“I think we owe them a lot,” Moss said. “These women literally are an anomaly. They’re from Afghanistan, against all odds, joined the military, joined the Special Forces, and then fought for their freedom alongside US soldiers, which is more than 99% of Americans can say. I think they’ve sacrificed a lot more for America than most Americans.”

But Moss wasn’t sure if she would be able to meet Sima’s needs from so far away.

“It was a little bit of a concern because I knew nothing,” Moss said. “I know there’s a lot of Mormons out there. That’s all I know about Salt Lake City!” She immediately contacted the resettlement agency responsible for Sima. “I’m her friend,” she told her case worker. “I’m just trying to make sure she’s okay. I’m not gonna leave you alone, so you might as well just accept that I’m gonna be in your life.” 

Moss found a woman living in Salt Lake City who volunteered to babysit Sima’s son so she could attend English classes. Another local volunteer also helped her move into an apartment, furnish it, find rugs, and buy her shoes for the winter. With the support of the community, Sima enrolled her son in daycare, got her driver’s permit, and started a job working part time as a cashier at Walmart, but she was worried about the day when government funds would stop paying her rent.

“I’m worried about how to survive with that money that I’m making,” Sima said through a translator, as she began to cry. She did not make enough money to pay her expenses, let alone send money home to her family in Afghanistan living in hiding from the Taliban because of Sima’s alliance with Americans.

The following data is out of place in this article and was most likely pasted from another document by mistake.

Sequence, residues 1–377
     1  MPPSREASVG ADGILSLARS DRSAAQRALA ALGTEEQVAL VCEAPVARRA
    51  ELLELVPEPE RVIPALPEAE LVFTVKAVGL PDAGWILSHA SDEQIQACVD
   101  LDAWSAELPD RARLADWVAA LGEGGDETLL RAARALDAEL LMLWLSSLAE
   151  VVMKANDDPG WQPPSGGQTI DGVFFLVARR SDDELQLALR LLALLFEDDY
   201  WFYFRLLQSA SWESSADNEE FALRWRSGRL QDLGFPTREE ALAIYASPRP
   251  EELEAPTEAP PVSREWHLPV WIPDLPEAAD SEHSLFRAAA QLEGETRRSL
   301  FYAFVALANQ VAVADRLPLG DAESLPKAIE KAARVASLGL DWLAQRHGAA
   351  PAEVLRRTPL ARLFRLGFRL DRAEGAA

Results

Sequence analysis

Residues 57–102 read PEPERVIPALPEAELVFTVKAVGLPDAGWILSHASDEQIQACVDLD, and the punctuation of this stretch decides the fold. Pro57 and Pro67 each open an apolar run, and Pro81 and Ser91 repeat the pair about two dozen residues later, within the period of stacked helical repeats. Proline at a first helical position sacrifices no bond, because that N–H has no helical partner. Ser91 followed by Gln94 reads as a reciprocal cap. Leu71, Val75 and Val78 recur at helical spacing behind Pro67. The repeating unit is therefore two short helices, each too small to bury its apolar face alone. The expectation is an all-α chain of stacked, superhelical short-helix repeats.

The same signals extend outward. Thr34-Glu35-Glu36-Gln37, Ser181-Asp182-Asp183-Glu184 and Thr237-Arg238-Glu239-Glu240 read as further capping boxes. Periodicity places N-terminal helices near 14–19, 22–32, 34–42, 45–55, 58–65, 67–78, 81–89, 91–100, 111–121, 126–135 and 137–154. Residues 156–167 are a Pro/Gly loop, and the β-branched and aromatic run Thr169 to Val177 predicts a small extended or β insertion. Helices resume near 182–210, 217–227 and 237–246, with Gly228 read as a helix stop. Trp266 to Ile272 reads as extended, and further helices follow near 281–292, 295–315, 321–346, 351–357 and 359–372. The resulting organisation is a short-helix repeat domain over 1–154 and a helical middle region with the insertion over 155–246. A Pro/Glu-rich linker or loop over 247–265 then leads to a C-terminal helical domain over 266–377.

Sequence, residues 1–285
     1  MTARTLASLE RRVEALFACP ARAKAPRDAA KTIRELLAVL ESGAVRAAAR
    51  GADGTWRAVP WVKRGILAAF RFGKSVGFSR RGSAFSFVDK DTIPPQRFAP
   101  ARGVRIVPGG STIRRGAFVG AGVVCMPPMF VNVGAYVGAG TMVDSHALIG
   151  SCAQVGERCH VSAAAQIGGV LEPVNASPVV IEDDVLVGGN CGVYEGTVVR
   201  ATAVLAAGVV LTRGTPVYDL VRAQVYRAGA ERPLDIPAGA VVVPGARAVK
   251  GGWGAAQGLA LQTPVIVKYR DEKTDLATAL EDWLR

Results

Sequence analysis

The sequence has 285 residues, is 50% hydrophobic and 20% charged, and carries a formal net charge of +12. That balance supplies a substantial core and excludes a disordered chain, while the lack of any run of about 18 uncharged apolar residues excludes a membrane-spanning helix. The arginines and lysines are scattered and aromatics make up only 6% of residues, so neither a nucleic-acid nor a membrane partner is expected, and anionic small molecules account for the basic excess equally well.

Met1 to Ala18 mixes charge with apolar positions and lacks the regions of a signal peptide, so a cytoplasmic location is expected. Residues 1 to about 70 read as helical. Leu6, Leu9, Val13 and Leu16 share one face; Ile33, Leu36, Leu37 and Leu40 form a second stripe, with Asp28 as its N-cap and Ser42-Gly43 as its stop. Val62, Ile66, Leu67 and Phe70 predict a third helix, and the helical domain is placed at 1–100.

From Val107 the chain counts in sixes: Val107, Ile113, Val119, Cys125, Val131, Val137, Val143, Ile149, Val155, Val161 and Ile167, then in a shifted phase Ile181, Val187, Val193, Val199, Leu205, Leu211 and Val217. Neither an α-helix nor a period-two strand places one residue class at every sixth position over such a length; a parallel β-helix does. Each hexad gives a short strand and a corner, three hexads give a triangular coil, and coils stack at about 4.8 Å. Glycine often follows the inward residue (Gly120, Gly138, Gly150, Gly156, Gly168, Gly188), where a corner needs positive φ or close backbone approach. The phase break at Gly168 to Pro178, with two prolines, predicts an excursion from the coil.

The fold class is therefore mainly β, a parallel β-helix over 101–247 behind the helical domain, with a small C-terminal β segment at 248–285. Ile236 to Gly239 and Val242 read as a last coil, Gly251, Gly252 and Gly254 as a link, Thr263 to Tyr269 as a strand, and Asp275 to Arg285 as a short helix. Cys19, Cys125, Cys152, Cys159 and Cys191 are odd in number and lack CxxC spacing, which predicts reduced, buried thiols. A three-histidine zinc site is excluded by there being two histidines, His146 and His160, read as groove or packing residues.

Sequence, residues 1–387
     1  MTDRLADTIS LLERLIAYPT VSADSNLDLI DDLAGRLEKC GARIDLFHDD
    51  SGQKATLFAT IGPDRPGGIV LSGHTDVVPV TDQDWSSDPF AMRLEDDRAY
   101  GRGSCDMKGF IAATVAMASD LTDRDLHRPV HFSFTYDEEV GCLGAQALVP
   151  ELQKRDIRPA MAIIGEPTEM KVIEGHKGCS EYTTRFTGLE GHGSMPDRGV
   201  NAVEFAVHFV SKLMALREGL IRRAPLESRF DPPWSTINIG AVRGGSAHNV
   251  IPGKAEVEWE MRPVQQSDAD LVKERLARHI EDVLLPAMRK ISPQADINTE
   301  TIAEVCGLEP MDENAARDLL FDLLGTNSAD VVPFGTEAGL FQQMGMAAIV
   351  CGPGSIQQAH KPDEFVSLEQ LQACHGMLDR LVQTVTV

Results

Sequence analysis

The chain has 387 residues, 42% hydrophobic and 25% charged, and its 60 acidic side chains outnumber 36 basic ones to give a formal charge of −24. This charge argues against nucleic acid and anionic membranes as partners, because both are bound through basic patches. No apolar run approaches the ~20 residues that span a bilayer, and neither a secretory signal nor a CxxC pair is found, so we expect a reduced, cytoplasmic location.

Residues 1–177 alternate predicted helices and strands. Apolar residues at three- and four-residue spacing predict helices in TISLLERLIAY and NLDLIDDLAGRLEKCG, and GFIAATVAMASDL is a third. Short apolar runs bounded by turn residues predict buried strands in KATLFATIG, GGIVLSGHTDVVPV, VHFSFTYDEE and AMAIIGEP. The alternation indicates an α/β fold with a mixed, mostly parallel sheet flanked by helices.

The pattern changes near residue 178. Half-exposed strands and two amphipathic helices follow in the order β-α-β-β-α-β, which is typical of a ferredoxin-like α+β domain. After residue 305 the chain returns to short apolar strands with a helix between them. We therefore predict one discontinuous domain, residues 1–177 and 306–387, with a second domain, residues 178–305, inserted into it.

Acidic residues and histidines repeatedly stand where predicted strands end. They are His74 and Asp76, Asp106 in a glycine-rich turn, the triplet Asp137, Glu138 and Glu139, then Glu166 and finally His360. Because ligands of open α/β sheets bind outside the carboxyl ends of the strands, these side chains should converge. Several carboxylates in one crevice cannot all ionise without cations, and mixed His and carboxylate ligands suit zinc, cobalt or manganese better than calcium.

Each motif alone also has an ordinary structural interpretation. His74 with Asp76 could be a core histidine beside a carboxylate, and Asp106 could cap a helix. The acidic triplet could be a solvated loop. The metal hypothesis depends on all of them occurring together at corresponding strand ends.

On top of her financial concerns, she was stressed about her legal status in the U.S. Like most of the Afghans who were evacuated in a rush in 2021, she arrived as a humanitarian parolee, a temporary status that allowed her to legally live in the U.S. for two years. She did not know what her future would hold if she was not granted asylum within that time frame. 

Dabbing at her eyes with her headscarf, she said it helps to talk with some of the new friends she’s made in the community or with members of the Sisters of Service who understand what she’s going through. 

“They don’t want to be a charity case,” Moss said. “They want to be a strong individual like they were in Afghanistan.” 

Sima makes a meal for Becca Moss of Sisters of Service when she visits her new home in Salt Lake City. (Photo courtesy Becca Moss)